regulation 9.1.2

One of the Ways Government and
Businesses interact in a Mixed
Reference 9.1/9.2
Antitrust Law
to protect free markets by ensuring competition
• Sherman Antitrust Act – 1890
– “every contract, combination…conspiracy in restraint of
– “attempt to monopolize…guilty of misdemeanor”
• Clayton Act – 1914
No price discrimination
No tying contracts
No stock acquisition that reduces competition
No interlocking directorates
• Federal Trade Commission Act – 1914
• Robinson-Patman Act – 1936
– Discounts must be offered to all
• Wheeler-Lea Act – 1938
– FTC can intervene in cases of false, deceptive advertising
Regulating the behavior of
• Business firms must operate under the
• Business firms must abide by rules or
regulations developed by the regulatory
agencies that are tasked with enforcing
the law.
• 60,000 employees in 27 federal agencies
• additional employees in state and local
– public and private employees
• social workers
• building inspectors
• smog stations
• Members of the executive branch
Animal and Plant Health Inspection
Service (APHIS)
Army Corps of Engineers
Bureau of Alcohol, Tobacco and
Firearms (ATF)
Commodity Credit Corporation (CCC)
Commodity Futures Trading
Commission (CFTC)
Consumer Product Safety
Department of Veterans Affairs (VA)
Drug Enforcement Administration
Employment and Training
Administration (ETA)
Employment Standards Administration
Environmental Protection Agency
Equal Employment Opportunity
Commission (EEOC)
Farm Credit Administration (FCA)
Federal Aviation Administration
Federal Communications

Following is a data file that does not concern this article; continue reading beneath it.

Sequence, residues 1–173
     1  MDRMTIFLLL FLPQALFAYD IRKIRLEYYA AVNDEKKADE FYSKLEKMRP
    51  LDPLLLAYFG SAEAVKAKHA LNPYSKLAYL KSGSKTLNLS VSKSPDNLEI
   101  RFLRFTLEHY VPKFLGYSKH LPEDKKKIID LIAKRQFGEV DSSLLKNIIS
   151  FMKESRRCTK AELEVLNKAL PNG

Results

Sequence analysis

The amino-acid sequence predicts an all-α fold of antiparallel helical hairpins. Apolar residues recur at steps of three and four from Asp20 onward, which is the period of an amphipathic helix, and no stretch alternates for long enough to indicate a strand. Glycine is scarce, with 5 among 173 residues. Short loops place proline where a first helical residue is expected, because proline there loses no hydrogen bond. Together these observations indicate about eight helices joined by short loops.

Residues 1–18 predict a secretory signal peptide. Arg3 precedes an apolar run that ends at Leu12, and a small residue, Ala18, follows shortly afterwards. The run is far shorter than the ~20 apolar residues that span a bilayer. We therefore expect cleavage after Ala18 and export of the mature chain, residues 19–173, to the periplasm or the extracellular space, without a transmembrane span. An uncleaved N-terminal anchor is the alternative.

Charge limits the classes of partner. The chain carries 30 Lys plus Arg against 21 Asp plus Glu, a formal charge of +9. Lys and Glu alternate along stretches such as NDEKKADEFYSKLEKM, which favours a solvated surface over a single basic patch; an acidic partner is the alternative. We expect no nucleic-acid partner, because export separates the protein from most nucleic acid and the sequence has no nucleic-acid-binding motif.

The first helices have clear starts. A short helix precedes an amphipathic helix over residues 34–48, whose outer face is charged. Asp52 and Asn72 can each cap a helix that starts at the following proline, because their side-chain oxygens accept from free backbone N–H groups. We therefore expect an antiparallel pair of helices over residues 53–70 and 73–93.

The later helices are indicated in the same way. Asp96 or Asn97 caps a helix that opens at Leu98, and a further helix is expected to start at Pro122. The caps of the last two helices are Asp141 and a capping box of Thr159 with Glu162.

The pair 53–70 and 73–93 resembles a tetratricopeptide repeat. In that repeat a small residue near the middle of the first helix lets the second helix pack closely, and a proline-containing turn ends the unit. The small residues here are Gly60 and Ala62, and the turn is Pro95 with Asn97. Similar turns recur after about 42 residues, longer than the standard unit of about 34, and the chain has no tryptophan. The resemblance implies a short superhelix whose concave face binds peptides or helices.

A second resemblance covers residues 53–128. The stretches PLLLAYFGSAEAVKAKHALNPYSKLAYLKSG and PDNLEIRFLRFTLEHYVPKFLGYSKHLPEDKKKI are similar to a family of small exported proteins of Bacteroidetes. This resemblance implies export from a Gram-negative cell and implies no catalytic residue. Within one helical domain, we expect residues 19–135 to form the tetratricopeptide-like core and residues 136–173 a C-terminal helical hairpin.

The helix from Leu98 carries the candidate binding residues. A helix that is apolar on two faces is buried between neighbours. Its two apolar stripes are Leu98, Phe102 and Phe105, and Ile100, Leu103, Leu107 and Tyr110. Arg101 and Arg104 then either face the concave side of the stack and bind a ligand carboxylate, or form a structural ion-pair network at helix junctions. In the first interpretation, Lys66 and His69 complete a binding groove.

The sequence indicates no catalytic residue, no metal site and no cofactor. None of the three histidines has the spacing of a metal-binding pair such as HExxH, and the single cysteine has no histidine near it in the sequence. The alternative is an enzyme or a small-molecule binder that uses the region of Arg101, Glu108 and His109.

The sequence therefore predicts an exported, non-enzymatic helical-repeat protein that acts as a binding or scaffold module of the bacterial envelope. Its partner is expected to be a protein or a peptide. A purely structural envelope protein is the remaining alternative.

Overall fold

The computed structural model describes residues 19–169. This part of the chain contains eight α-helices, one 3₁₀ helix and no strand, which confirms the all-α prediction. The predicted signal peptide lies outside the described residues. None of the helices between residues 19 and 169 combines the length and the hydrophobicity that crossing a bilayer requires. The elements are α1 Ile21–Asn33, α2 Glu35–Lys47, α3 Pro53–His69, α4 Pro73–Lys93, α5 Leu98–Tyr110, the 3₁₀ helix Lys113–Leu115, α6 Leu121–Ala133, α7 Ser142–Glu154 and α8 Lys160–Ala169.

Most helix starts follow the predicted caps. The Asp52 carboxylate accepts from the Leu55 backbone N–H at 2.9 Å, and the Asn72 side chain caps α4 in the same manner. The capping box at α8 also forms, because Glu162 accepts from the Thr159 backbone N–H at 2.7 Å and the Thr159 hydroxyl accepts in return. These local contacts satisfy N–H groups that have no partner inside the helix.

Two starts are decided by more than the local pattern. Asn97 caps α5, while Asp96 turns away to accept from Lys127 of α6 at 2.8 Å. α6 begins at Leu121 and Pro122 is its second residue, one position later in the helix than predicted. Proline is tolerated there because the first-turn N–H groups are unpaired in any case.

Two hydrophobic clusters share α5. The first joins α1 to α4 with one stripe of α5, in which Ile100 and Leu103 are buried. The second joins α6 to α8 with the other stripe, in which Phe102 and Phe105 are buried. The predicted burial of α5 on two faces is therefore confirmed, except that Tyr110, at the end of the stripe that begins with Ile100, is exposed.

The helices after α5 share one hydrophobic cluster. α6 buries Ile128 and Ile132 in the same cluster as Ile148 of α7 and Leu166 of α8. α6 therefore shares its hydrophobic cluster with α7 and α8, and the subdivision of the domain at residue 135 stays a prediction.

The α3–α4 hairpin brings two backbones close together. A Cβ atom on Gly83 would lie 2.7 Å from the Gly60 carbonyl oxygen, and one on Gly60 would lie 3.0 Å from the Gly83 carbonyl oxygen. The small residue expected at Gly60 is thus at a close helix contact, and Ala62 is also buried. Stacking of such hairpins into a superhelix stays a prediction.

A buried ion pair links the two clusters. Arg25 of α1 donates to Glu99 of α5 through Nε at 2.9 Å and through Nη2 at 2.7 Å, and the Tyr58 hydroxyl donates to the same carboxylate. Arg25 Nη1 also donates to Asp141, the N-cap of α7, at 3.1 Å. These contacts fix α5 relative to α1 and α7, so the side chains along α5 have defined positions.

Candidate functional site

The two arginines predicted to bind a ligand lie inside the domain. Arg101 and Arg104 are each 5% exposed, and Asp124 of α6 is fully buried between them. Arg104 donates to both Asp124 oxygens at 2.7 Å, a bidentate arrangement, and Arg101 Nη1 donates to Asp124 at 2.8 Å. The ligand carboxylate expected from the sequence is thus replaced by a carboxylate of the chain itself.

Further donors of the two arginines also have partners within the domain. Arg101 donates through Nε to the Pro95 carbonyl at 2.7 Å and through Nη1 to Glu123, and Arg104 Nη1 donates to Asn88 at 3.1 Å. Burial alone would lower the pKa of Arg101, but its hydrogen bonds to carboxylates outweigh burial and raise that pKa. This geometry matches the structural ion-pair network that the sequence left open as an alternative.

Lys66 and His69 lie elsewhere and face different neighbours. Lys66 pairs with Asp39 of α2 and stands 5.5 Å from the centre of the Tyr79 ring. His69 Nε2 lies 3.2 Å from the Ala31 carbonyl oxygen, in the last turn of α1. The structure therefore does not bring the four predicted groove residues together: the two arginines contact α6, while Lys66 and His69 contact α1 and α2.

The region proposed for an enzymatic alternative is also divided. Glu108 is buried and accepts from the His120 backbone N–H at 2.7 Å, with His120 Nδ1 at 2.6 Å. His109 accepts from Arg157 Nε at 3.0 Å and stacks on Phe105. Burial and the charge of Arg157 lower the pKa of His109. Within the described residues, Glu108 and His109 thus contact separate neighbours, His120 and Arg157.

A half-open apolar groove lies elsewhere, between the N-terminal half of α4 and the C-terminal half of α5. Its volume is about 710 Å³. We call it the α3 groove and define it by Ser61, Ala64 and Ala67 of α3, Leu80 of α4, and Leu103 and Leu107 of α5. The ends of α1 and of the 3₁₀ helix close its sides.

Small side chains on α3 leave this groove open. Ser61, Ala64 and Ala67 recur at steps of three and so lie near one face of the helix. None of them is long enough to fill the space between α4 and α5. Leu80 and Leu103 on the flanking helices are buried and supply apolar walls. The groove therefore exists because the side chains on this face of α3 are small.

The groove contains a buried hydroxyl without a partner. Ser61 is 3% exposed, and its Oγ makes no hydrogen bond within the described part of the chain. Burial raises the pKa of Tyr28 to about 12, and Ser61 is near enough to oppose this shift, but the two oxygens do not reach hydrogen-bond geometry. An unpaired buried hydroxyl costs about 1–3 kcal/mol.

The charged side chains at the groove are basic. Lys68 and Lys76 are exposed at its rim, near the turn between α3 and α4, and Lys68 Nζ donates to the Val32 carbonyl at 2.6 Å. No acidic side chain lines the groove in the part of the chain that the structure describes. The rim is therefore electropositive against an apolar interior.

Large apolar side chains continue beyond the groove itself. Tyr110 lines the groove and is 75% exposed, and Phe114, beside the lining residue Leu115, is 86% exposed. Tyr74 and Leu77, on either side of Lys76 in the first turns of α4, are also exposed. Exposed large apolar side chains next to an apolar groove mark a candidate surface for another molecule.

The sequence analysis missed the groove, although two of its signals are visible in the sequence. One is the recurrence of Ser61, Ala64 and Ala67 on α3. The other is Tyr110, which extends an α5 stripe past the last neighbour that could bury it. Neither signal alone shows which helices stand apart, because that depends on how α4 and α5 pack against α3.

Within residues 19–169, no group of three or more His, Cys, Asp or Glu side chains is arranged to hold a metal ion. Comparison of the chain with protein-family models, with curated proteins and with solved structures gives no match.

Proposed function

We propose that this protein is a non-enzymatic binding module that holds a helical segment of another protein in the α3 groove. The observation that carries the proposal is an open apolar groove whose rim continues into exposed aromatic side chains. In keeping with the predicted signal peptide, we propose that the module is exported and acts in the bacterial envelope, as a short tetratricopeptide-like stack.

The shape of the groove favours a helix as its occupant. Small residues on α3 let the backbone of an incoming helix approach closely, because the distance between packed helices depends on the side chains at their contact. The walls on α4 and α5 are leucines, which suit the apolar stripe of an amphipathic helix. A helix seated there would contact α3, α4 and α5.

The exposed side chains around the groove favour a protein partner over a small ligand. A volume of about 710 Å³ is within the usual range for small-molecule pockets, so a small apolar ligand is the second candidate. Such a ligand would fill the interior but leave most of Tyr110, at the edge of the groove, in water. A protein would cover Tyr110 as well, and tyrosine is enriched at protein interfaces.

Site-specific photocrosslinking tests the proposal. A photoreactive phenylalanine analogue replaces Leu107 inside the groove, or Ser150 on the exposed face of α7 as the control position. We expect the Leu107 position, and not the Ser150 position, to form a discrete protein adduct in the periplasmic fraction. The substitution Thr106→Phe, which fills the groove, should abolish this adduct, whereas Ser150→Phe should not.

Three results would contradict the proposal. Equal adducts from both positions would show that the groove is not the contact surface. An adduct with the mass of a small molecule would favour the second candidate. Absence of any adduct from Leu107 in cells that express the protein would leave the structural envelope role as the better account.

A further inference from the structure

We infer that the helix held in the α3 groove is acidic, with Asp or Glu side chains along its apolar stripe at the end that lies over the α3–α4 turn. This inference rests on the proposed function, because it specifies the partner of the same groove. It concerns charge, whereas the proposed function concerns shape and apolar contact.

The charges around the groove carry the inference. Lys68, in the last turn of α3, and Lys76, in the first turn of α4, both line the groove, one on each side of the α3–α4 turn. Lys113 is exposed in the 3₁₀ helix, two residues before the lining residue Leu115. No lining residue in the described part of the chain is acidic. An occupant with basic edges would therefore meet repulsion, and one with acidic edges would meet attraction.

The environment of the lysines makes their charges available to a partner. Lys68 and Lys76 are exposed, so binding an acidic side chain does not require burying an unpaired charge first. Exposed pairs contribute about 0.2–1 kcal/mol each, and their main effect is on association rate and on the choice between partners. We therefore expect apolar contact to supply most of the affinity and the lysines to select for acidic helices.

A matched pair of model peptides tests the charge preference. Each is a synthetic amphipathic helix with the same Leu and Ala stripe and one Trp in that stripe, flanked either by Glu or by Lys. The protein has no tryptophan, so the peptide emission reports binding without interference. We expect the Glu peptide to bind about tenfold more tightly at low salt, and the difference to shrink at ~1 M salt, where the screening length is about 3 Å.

Commission (FCC)
Federal Deposit Insurance
Commission (FDIC)
Federal Election Commission (FEC)
Federal Energy Regulatory
Commission (FERC)
Energy Efficiency and Renewable
Energy (EREN)
Federal Highway Administration (FHA)
Federal Maritime Commission (FMC)
Federal Railroad Administration (FRA)
Federal Trade Commission (FTC)
Food and Drug Administration
Nuclear Regulatory Commission
Securities and Exchange
Commission (SEC)
Government seeks to protect consumers
natural monopolies
• Natural monopolies-such low per-unit costs that
they can outcompete everyone else.
• distribution of water, natural gas, distribution and
generation of electricity, cable service
• Natural monopolies in the public interest may be
regulated in 2 ways.
• Price Regulation—setting prices
• Profit Regulation—setting profit margins
– may result in the removal of incentive to lower
costs=higher price to consumer
Theories of Regulation
• Public Interest Theory
– government sets “reasonable” limits on price/profits
– businesses earn “reasonable” profits
– consumers benefit from “reasonably” lower prices
It doesn’t always work out so “reasonably”
Theories of Regulation
• Capture Theory
• Public Choice Theory
Capture Theory of Regulation
Supporters of the regulated industry will
“capture” the regulatory agency
• Revolving Door
• Lobbyists
• Social Bonds
• Regulatory Agency serves the interests of
industry, not the consumer
Public Choice Theory
• Since increasing regulation increases the
power of regulators, their self-interest is in
increasing levels of regulation
• Regulators will favor the regulators over either
business or consumers
• “Big Government”
Another Branch of Regulation
• Social Good Regulation
• concerned with the conditions under which goods
and services are produced and with the safety of
these items to consumers
Consumer Product Safety Commission
Costs and Benefits of Regulation
• Costs
– higher unemployment
– higher costs to consumers
– unfair competition from
foreign suppliers
– “fairness”
• Benefits
cleaner environment
safer products
improved quality of life
Regulation will have both intended and unintended consequences